Mendel's Century (1900 ~ 2000)
    Classical genetics evolves into molecular genetics           
Behavior of crosses versus gene function
            Genetic data
directly available from Protein & DNA

Meeting of Genetic & of Evolutionary Thought: Mendel's Century

1900: Gregor Mendel re-discovered: solves Darwin's biggest worry
          Darwin (1859) relied on “hard genetics": offspring resemble parents
          F Jenkin (1867) shows “blending inheritance” logically incompatible with Selection
              Politically correct “Purple People Eaters
(1867) demonstrated “particulate inheritance

              Purple People Eaters as Green & Yellow Peas

        GH Hardy (1908) Hardy-Weinberg Theorem sets null hypothesis

        RA Fisher (1930) Genetical Theory of Natural Selection establishes General Selection Model
Mendelian genetics consistent with incremental Natural Selection
[S&R 1.3]
        S Wright (1931) Evolution in Mendelian Populations
Adaptive landscape as metaphor
[S&R 1.4]
                 Random genetic drift important

The Modern Synthesis (1940s ~ 1960s)
        Th Dobzhansky (1937) Genetics and the Origin of Species
                "Evolution is the change in genetic composition of populations"
                Chromosome polymorphism in Drosophila adaptive
        E Mayr (1942)  Biological species concept; Allopatric speciation             
        GG Simpson (1944)  Rates & patterns in fossil record; Evolutionary species concept
        GL Stebbins (1950)  Plant evolution similar to animal evolution

        E Mayr (1963) Animal Species & Evolution capstone of Synthesis       
            =>  Natural Selection acting on single genes explains trans-specific evolution
                  Evolution proceeds slowly & gradually

Variation measured as H:
                      H low: Classical vs Balanced schools differ on how low

                  Microevolution explains Macroevolution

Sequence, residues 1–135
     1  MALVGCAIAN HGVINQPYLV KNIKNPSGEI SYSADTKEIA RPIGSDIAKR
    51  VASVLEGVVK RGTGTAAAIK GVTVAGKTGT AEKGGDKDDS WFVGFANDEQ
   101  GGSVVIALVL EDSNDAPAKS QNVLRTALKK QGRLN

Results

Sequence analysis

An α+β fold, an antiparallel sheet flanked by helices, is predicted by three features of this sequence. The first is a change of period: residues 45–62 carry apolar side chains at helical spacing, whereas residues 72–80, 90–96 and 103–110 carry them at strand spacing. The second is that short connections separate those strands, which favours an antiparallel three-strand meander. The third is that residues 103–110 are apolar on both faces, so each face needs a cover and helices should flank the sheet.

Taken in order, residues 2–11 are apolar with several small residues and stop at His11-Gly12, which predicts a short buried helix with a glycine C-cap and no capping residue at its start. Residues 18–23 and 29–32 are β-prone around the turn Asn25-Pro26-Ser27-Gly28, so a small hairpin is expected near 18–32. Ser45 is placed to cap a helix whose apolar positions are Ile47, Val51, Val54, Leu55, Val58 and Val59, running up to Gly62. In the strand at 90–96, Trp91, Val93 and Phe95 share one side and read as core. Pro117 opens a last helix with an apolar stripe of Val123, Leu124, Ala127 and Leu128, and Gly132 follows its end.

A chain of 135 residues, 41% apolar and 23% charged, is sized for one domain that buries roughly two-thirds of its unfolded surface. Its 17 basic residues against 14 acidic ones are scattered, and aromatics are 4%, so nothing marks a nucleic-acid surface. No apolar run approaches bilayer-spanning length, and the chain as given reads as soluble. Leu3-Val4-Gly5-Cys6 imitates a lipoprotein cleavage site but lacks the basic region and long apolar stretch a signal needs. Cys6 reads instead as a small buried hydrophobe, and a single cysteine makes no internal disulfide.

Species differences Genus differences etc by accumulated change
        Stumbling block: inter-species genetic variation not measurable

Molecular Genetics (slowly) revives Evolution

        DNA structure of gene (1953) (yawn)
        Genetic Code (1965) (Oh?):
DNA > RNA > Protein
        Protein Electrophoresis (1966) in Drosophila, Homo
             ***Rapid proliferation of protein variation studies: allozyme
                 Lots of variation: is it important ?
                 Neutralist versus Selectionist schools
[S&R 1.9 corrected]
        Molecular Clock
concept from immuno-genetic analysis (1967)
                Ex.: Chimp & Human separate 3 ~ 5 MYA
(!?!), 99% similar (!!??!!) (1975)

DNA data ascendant

         RFLP maps of mitochondrial DNA (mtDNA) (1979)
Rapid proliferation of within & among species mtDNA studies
[S&R 1.10]
                    Ex.: “Out of Africa” hypothesis from RFLP maps of human mtDNA (1987)

         Dideoxy DNA sequencing
(1977, routine from 1990)
*** "Sanger” sequencing remained method of choice for 40 years

        DNA Fingerprinting described; forensic applications (1985)

              *** Rapid proliferation of microsatellite nucDNA population studies

         Polymerase Chain Reaction in vitro amplification of DNA (1983) [S&R 1.11]
*** Rapid proliferation of within & among species DNA studies

         Automated DNA sequencing (1986) uses Sanger method [S&R 1.12]
                   Dideoxy terminators tagged with fluorescent markers: A C G T
E. coli genome sequenced: 4.6 Mbp (1997)
Human Genome Project: 3,200 Mbp (2003): Big Science Biology
Technical developments lead to Next-Gen sequencing

21st Century: Too Much Information (?)
: 654 Gb
(August 2020, Release 239) [running count]

                Data base for identification, retrieval, annotation, interpretation, manipulation, etc
                CRISPR-cas technology (2013)

              Ex.: “Environmental Sequencing” of 1,500 L seawater: 1.2M genes in 1 Gbp (2004)

         One Thousand Genomes Project (1KGP) announced (2008)

         Next-Generation Sequencing  routine from 2012 [S&R 1.13 & 14]

             Ex. Illumina Sequencing specs:
                      Throughput >> 106 nucleotides / second,
                      ~ 1 human genome at 1x coverage / hour
                      ~ 1 human genome at ~30x coverage / day

  Complete human genome in 16 hour

*** "Here it comes: assimilate it."
too much data: Bioinformatics


Text material © 2021 by Steven M. Carr